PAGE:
Massage is now being taught to the mothers of disabled children to help decrease the effects of certain disabilities. One example is Peggy Farlowe, a massage therapist with an extensive background in speech therapy who combines the two to help special-needs children interact and communicate. Her program Touch to T.E.A.C.H. (Touch for Early Language, Attending, Cognitive Development and Healthier Children) is now state sponsored throughout Alabama in the USA.
Some of the general benefits of massage are: increased circulation; lymphatic drainage; reduction and, very often, complete elimination of migraine headaches due to increased blood circulation to the brain. Back pain is greatly reduced with massage therapy, and these days chiropractors most often work with massage therapists, who first release spastic muscles in the back before adjustments are done. This approach ensures that the adjusted vertebrae remain in place.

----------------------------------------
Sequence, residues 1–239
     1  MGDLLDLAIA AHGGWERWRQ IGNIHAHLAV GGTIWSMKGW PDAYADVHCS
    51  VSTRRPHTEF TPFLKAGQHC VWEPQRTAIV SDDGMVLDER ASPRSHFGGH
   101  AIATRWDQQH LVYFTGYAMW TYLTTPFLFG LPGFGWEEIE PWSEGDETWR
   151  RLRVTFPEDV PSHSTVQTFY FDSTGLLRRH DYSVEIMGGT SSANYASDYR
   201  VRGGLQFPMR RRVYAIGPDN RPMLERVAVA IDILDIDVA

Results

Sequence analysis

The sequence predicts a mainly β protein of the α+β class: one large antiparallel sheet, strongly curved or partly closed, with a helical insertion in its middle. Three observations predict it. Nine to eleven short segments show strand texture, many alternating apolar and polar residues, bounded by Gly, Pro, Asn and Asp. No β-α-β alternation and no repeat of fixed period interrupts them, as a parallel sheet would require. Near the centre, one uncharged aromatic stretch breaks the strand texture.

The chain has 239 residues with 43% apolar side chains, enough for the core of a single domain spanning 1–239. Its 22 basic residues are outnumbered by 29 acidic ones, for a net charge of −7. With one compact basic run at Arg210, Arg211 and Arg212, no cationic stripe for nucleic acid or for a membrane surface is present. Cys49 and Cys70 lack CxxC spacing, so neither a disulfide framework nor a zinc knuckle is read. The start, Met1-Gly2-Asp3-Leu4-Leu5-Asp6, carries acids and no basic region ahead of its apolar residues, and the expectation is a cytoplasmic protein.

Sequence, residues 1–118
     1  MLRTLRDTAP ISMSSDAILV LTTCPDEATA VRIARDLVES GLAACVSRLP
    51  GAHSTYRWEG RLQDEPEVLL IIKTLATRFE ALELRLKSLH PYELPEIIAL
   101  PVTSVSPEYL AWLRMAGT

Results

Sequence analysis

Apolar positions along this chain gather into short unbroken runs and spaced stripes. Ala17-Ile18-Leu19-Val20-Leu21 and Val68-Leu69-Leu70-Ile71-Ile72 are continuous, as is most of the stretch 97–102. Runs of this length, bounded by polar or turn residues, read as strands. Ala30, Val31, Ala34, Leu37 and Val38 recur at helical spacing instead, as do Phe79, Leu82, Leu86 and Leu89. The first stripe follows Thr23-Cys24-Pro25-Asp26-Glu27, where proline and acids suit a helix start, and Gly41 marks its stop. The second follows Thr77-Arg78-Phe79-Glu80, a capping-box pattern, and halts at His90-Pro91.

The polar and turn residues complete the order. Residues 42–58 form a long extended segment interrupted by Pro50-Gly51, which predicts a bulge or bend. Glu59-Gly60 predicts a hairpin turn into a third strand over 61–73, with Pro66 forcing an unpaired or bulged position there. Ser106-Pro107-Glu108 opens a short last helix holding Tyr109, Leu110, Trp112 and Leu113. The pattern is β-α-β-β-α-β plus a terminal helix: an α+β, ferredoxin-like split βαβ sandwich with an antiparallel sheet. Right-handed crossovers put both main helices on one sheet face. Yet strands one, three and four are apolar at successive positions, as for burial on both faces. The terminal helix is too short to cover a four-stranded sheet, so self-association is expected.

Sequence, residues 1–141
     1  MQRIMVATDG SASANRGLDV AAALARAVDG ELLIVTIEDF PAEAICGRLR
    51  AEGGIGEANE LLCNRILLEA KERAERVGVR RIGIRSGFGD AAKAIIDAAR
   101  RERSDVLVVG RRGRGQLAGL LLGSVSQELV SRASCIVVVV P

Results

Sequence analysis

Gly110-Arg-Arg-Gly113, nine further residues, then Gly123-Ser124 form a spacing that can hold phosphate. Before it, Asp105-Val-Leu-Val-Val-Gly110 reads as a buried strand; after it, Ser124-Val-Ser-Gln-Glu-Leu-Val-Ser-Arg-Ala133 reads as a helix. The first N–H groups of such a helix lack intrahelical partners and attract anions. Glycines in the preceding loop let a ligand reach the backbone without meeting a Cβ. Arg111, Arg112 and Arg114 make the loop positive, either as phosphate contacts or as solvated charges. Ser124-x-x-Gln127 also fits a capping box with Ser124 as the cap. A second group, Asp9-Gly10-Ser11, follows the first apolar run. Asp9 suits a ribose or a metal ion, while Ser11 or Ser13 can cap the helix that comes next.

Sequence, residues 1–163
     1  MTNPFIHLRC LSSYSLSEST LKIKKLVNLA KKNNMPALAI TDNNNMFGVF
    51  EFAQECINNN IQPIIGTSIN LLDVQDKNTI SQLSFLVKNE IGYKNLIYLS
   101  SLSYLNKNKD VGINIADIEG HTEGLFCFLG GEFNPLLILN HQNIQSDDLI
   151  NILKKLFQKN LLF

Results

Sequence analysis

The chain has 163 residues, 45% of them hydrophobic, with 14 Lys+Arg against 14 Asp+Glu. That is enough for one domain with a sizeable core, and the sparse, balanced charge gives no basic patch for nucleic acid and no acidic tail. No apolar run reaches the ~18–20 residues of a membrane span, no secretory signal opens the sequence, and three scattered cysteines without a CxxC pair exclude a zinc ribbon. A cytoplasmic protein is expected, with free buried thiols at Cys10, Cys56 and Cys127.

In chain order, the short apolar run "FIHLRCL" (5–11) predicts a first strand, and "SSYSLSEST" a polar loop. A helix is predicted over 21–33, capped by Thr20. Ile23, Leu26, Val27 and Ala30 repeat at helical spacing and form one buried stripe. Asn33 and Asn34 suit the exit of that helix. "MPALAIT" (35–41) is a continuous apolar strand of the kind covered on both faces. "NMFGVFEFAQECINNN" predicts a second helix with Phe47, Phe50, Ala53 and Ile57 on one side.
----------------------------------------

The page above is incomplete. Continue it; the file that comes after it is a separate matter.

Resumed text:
Along with this flowering renaissance in body/mind therapy, many scientific studies have vindicated the incredible efficacy of this drugless therapeutic approach. For example, a study mentioned in Mental Health Update reported that physical and emotional support by a labor doula (birth assistant), especially the father, provides substantial benefits to women in labor. Results included: Caesarians dropped 58%; the need for epidural anesthesia dropped 85%; forceps delivery by 70%; the use of oxytocin (a pituitary hormone that stimulates uterine contractions) by 61%; labor duration was shorter by 25%; and neonatal hospitalization dropped 58%.